There will come a point when I have to answer to you, at least on some level, for all of this– how I raised you, the choices I made, the path chosen. I hope you’ll look at me with the same compassion I gave to my parents– two desperately, flawed beings, trying to do the best they could… The reality is you may or may not look on me with compassion, and I will have to accept it, whatever it may be.
I want you to know I did all of this for you, with love, care, and lots of sleepless nights. It’s not easy to raise children. Honestly, before I ever became a mother, before there was even a spark of you, I would joke to others saying, “Some people have great plans for their kids. In this day and age, I just hope my kid doesn’t end up in jail or off on some twisted path of self-destruction.’ I joked about it because I could. Because, I was strangely familiar with my own twisted path of self destruction.
Once you came along and reality set in– parenting in all its glory– I stopped with the bad jokes, and started to really search inwardly for the kind of mother I wanted to be to you and for the kind of man I hoped to raise. I closed my eyes to see you in the future, and envisioned a man comfortable in his own skin, happy, content, loved. That was my dream for you. Sure, there were other, smaller, ideas in my head– baseball, scouts, traveling around, showing you all the wonders I had discovered. I, personally, despite my darkness, have seen such beauty in life. The human spirit never ceases to amaze me, and our ability to come back from anything has been my inspiration for years and years. I wanted to show you that. I wanted to instill a hope and truth in your heart that could not be shaken. So, that’s where I started. That was, and still is, my dream for you.
I don’t know what you think of all this– our life. I don’t know if the choices I’m making today are going to be the right choices even a year from now. There’s so much I don’t know, and because I don’t know I research. I study you — yes son, I spend so much time studying YOU. I’m your mom. It’s one of the things I do. While we’re playing, I’m there with you, laughing, enjoying the person you are, and I’m also assessing. I’m assessing everything: the way you ask me questions, the way you express yourself, play with toys, interact with others, your anger, moods, everything down to your bowel movements. Yes. Those too. One day you may read this and say, “You were paying attention to all of that? I couldn’t tell. I didn’t know.” I don’t want you to know. I want you to be a kid. I never want you to feel like you’re under a microscope. But, yes, I am doing all of that.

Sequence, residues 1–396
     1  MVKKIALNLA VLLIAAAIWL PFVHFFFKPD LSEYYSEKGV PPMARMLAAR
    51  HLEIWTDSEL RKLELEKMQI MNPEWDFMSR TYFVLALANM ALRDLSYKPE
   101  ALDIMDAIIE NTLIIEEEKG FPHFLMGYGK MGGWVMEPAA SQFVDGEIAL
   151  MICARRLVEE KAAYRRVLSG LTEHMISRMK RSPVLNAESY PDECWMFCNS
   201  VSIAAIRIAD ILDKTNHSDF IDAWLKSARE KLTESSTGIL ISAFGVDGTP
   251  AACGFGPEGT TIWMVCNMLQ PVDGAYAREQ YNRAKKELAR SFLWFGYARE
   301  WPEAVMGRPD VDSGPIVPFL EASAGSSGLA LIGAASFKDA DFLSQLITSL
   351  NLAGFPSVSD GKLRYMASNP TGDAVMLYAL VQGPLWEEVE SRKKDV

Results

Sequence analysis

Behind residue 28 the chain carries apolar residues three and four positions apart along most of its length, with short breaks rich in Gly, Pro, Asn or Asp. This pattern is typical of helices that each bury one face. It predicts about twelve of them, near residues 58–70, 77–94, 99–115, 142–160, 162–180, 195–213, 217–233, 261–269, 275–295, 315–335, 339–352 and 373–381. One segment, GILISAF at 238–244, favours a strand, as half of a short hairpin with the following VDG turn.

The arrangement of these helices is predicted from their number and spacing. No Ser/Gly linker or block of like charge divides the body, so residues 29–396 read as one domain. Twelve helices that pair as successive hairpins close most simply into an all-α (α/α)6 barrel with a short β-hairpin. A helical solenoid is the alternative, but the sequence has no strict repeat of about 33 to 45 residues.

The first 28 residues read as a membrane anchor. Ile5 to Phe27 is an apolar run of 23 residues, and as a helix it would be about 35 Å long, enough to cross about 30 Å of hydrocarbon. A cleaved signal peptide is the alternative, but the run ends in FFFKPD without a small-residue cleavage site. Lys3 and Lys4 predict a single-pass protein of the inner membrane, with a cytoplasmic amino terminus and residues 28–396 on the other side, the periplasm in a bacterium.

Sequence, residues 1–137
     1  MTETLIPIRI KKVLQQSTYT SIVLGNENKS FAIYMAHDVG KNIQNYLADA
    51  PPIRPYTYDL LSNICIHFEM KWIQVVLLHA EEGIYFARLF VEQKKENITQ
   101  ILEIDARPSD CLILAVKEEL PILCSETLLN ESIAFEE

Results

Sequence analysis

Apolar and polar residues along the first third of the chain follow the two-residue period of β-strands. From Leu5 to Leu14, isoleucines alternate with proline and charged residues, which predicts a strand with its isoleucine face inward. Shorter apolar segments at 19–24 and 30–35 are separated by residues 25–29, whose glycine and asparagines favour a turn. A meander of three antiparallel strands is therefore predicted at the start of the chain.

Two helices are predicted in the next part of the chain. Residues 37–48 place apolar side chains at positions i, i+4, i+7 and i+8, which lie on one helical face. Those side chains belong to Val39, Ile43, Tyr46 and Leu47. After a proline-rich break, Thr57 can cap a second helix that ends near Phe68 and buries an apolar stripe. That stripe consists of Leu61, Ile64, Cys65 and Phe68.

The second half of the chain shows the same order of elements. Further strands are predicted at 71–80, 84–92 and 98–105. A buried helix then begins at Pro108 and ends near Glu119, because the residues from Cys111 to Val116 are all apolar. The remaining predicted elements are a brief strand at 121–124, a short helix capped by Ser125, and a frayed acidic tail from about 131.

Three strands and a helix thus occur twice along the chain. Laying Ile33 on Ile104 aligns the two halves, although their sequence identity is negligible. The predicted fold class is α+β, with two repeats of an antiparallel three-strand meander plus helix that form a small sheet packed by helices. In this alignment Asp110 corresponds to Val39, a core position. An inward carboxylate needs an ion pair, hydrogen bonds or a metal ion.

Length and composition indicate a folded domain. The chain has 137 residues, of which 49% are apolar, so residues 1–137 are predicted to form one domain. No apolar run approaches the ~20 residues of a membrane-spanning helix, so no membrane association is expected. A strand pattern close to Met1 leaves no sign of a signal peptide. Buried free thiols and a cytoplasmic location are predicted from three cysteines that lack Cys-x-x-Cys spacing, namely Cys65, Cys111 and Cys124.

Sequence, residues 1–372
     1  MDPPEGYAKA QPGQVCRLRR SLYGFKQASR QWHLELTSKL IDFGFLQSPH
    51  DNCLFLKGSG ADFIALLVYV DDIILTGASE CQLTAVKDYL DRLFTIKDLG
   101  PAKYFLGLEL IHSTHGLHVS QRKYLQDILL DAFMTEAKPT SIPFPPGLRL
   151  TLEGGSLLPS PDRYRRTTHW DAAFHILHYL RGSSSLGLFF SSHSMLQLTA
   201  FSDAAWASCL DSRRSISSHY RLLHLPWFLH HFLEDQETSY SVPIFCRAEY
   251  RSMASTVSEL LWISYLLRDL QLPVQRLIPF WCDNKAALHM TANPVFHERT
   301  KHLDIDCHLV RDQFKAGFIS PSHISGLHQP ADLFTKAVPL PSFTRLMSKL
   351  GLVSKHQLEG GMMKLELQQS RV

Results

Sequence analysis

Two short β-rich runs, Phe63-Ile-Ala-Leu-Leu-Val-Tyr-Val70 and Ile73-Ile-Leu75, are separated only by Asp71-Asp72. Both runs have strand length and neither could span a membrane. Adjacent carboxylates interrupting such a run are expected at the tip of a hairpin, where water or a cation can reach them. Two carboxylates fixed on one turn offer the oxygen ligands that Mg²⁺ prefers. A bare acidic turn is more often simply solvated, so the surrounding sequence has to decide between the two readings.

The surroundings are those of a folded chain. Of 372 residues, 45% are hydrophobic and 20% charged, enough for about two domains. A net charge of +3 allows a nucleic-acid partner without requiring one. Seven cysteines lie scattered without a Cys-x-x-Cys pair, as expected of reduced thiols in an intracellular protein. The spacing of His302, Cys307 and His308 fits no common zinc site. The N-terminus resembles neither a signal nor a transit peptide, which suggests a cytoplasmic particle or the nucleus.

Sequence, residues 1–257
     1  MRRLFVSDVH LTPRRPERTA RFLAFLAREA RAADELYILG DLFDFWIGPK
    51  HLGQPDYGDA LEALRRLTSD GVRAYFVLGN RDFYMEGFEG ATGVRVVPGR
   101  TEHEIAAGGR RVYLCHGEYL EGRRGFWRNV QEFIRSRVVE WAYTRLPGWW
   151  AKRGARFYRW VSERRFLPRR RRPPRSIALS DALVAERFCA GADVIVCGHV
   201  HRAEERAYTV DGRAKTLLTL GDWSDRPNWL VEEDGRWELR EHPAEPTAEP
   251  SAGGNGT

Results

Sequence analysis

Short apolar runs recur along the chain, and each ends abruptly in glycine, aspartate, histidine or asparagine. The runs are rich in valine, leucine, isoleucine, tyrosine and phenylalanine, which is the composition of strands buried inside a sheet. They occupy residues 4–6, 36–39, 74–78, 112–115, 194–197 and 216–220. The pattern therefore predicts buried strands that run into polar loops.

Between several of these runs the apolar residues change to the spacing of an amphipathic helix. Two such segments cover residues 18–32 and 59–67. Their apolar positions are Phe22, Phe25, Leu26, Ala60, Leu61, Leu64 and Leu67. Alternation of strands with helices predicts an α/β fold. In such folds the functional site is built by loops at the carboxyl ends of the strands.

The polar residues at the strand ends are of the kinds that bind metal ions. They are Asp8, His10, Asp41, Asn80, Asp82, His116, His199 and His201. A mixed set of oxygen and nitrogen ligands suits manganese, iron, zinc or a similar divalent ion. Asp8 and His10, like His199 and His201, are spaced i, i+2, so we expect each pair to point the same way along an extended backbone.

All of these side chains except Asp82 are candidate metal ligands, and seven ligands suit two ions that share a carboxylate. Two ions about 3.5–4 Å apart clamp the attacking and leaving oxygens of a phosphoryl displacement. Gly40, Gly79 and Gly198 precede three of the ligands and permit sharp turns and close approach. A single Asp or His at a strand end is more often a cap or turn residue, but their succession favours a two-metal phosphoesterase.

I’m also learning as I go, and making tons of mistakes. I’m sorry for those. I’m sorry for forcing you to do things you weren’t ready to do. Oh, yes, some people will say that’s what parents do– they push their kids. Autism is different. Yes, I push you. I also did things out of ignorance that wasn’t pushing you– it was traumatic and unnecessary. I’m sorry for restraining you to brush your teeth, to get haircuts. I’m sorry for holding you down for those doctors. I’m sorry when you screamed for me to save you, and I didn’t. You don’t understand. I had too, right? I had to help them help you, and you wouldn’t do it. You wouldn’t lay there, and let it happen. So, I helped them. I watched you lose trust in me. I watched you hide from me, and it broke my heart. But, in the words of Maya Angelou, “When we know better, we do better.” I stopped restraining you. You brush your teeth. I stopped restraining you, and I cut your hair. I don’t work for the hospital– I don’t help with that anymore either. I had to learn, kiddo. You had to teach me. Boy, did you ever teach me– you have taught me more than I have ever taught you.
So, when you’re looking back, making your own assessments of the choices I made for you, know it wasn’t perfect, nothing ever is….it was just us, together, learning as we go, doing the best we could, and loving one another.
All my heart,